In the throes of multi-employment, I found myself stressed enough to make the decision to go on a retreat. Somewhere along the lines of being in a better place, that retreat came through for me – so last week, I got on a plane and a train and a shuttle bus to somewhere in the middle of France, to a Buddhist monastery founded and upheld by Vietnamese monk, Thich Nhat Hahn. I was one of forty women in Plum Village’s New Hamlet, one of the three campuses in that area.
Somewhere a few years ago, I found myself starting a vipassana practice – which was useful for me at the time, it taught me how to be disciplined and regimented in my practice. But more recently, off the cushion, I found it very difficult to work out how to be mindful in my daily life. And it turned out that Plum Village was exactly the right place for me to learn how to do that.
So, Plum Village has a few foundations – the lazy day, where meals are the only thing really planned and everything else is allowed to unfold as you want, whether that’s going to a chateau, going for a really long walk, or sleeping all day long. The visits to the other hamlets – or mindfulness days. But a regular day starts at 5am. You wake up, get ready, walk to the hamlet, and sit from 6 to 6:30am. 7am is breakfast, or exercise. Breakfast is really good – the plums are excellent. The food in general is pretty good – a little soy- and carb-heavy, sometimes, considering we didn’t get a ton of exercise, but still good. We start something else at 9:30 – usually a lecture, a talk, an activity of some kind. 11:30 is mindful walking (my favourite part of the day). 12:30 lunch, 3-5:30, mindful service, 5:30-8, dinner. 8pm, the evening sit, then noble silence from 9. When we visit other hamlets, there’s an hour-long dharma talk and a sharing session. Everything is very peaceful and very well, and even when people are emotional, it is safe (some fellow attendees definitely felt unable to relate to some of the material at times, though – which created some resistance). Every fifteen minutes there is a bell to remind us to be mindful and take a breath. We eat in silence – and at lunch, we wait for everyone to be seated before digging in. I learn to eat slowly for the first time ever – thirty to forty chews. It takes me nearly an hour to finish my oatmeal every morning. Sometimes, for fun, I sing the entire Parks & Recreation theme song in my head between taking one bite and the next. I’ve made eating slow into a bit of a competition at time.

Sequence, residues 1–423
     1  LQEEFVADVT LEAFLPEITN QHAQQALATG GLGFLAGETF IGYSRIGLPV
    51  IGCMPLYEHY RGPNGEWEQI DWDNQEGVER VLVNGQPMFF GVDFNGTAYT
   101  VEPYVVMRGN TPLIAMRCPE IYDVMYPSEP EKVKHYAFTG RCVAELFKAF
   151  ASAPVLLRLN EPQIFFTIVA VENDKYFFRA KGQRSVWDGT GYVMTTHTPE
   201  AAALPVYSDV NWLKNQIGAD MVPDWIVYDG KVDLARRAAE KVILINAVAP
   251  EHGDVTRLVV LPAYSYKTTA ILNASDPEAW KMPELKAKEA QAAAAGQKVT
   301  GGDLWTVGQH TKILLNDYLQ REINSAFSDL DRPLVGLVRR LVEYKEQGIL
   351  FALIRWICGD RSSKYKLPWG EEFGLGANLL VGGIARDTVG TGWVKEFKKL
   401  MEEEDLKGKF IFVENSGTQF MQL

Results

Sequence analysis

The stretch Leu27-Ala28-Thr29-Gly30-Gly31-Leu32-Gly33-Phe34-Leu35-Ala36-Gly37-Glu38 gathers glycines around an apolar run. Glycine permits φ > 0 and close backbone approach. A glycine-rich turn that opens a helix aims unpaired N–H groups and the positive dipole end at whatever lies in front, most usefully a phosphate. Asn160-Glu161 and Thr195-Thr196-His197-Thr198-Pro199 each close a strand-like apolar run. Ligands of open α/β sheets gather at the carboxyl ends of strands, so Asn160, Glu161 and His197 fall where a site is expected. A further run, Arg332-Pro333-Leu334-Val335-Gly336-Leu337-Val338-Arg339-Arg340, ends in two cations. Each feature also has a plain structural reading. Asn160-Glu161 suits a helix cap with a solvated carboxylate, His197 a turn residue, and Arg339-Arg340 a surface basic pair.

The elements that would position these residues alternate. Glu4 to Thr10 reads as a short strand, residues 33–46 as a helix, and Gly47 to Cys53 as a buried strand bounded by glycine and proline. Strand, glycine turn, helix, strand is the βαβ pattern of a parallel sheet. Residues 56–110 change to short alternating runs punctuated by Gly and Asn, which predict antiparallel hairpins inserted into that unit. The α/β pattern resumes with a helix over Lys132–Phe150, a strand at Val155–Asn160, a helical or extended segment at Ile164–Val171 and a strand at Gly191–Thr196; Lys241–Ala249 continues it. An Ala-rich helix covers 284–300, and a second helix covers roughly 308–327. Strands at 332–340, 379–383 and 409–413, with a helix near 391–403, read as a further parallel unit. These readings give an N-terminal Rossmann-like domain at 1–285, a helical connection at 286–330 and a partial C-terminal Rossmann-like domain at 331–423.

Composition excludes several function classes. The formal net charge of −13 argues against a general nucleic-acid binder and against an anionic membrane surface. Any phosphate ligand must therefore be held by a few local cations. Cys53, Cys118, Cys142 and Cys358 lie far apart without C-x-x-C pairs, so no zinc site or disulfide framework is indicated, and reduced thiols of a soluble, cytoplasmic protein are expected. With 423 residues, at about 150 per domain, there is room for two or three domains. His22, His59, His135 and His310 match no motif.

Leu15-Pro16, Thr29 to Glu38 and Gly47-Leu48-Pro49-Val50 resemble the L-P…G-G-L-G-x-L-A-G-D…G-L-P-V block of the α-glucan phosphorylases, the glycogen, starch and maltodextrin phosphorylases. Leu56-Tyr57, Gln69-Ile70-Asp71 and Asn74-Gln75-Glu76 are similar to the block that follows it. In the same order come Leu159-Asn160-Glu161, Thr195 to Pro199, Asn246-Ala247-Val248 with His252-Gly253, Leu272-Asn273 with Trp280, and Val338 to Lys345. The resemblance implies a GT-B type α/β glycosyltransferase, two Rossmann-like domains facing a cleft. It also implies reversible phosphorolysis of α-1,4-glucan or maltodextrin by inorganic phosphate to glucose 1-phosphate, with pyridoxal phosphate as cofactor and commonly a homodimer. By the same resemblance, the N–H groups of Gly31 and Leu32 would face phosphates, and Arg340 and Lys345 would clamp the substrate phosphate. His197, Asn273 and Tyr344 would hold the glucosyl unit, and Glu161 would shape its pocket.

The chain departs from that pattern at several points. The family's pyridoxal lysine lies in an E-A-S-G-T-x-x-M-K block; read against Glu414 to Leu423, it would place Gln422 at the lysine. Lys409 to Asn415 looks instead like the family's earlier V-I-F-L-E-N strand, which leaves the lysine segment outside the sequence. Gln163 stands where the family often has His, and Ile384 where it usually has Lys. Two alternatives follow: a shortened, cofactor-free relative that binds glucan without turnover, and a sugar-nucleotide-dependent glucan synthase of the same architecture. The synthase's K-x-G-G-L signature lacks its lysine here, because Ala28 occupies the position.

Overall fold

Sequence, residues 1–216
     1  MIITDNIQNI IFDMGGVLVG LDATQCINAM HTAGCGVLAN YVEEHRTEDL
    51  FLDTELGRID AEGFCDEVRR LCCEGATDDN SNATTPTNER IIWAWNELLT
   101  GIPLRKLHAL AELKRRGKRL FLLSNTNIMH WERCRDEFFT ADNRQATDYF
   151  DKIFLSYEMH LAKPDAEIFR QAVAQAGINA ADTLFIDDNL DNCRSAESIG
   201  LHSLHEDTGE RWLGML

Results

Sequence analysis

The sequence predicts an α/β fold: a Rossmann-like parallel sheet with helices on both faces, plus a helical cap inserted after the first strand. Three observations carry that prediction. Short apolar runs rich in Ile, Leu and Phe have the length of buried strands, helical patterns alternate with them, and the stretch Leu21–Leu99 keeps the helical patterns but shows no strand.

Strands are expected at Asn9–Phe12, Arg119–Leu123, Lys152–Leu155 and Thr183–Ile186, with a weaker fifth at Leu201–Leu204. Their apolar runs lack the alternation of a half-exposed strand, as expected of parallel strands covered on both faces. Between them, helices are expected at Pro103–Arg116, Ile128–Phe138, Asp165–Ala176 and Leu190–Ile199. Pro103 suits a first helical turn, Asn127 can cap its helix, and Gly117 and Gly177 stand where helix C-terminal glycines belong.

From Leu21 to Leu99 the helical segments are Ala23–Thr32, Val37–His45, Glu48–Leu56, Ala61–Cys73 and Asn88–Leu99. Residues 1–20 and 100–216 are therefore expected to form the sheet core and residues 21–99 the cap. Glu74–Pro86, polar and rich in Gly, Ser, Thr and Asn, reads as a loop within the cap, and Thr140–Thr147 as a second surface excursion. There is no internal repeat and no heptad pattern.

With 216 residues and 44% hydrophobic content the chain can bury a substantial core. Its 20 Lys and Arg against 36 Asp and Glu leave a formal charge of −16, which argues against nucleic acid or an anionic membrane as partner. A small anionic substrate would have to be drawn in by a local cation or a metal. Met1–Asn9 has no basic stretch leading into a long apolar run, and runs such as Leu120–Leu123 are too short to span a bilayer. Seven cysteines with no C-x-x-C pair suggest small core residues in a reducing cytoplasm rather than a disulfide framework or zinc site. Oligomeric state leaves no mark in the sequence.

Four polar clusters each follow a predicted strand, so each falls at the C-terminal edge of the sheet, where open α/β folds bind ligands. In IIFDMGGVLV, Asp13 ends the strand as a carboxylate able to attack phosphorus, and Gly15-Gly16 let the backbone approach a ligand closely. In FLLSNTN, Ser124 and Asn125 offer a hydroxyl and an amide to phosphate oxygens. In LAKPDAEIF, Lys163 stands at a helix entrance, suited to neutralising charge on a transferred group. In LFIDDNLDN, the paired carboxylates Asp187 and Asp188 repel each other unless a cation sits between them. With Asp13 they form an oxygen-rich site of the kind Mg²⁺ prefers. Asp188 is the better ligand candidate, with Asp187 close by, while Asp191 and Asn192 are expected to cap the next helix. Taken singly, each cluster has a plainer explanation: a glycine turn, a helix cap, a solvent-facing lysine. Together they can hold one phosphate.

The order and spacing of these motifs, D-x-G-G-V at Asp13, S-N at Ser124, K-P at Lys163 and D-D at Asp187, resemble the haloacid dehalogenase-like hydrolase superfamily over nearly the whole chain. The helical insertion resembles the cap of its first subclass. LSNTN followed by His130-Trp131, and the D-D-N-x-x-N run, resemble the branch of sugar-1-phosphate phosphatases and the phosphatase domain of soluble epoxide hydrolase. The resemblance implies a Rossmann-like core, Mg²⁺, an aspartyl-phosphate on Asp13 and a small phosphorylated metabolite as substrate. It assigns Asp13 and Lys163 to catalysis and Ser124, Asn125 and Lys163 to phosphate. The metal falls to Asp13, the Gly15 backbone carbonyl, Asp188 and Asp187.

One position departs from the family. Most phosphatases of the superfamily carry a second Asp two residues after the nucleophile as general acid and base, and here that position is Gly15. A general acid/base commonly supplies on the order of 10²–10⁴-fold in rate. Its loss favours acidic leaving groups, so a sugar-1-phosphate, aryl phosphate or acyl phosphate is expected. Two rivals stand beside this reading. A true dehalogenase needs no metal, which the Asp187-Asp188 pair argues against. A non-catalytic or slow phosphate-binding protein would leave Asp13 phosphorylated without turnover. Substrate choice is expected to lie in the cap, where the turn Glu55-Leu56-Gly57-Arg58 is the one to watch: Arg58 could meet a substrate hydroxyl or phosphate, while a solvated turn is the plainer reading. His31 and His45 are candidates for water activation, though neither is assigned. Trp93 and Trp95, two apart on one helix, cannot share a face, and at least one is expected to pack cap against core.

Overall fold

It’s not often that what I think I need is what I do need. But in this case, I struck gold. For the first couple of days, I found it really hard – there were moments were I found myself so frenetic, seeking something to do, not sure of how to be productive or how to be. Times where I was so antsy to start my meal even though it would take another fifteen minutes for everyone to be sitting down, or to get up when I couldn’t. It’s funny, because lunch was the only really restrictive part of the day in that sense – in the sense that it seemed less voluntary than anything else, and I still wanted to get away from it. And in those moments, I had to think, ‘Why are you like this? You have nowhere else to be.’ And I guess that I’ve rarely had nowhere else to be before – I am always doing.
I think Plum Village gave me some major perspective on how to live the elements of my life that I miss more mindfully. I find myself conscious of my feet, or my breath, when I get a second. That is a good place to be in.